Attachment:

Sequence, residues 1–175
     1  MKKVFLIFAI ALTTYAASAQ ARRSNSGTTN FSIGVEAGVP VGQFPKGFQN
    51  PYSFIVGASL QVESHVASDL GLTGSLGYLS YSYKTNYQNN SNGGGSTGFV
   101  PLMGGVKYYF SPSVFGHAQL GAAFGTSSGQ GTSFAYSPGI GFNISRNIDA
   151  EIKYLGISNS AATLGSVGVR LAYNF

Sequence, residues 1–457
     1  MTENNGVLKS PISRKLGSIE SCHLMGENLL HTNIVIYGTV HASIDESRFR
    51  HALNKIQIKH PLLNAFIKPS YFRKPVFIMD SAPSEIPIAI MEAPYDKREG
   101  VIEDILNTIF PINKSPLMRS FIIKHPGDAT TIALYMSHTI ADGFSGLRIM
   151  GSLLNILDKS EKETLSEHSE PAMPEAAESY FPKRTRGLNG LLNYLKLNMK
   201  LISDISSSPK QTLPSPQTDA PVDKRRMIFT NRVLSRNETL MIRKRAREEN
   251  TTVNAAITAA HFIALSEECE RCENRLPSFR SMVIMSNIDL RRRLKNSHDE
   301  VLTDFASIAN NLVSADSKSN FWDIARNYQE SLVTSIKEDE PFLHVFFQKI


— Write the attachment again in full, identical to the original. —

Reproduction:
Sequence, residues 1–175
     1  MKKVFLIFAI ALTTYAASAQ ARRSNSGTTN FSIGVEAGVP VGQFPKGFQN
    51  PYSFIVGASL QVESHVASDL GLTGSLGYLS YSYKTNYQNN SNGGGSTGFV
   101  PLMGGVKYYF SPSVFGHAQL GAAFGTSSGQ GTSFAYSPGI GFNISRNIDA
   151  EIKYLGISNS AATLGSVGVR LAYNF

Sequence, residues 1–457
     1  MTENNGVLKS PISRKLGSIE SCHLMGENLL HTNIVIYGTV HASIDESRFR
    51  HALNKIQIKH PLLNAFIKPS YFRKPVFIMD SAPSEIPIAI MEAPYDKREG
   101  VIEDILNTIF PINKSPLMRS FIIKHPGDAT TIALYMSHTI ADGFSGLRIM
   151  GSLLNILDKS EKETLSEHSE PAMPEAAESY FPKRTRGLNG LLNYLKLNMK
   201  LISDISSSPK QTLPSPQTDA PVDKRRMIFT NRVLSRNETL MIRKRAREEN
   251  TTVNAAITAA HFIALSEECE RCENRLPSFR SMVIMSNIDL RRRLKNSHDE
   301  VLTDFASIAN NLVSADSKSN FWDIARNYQE SLVTSIKEDE PFLHVFFQKI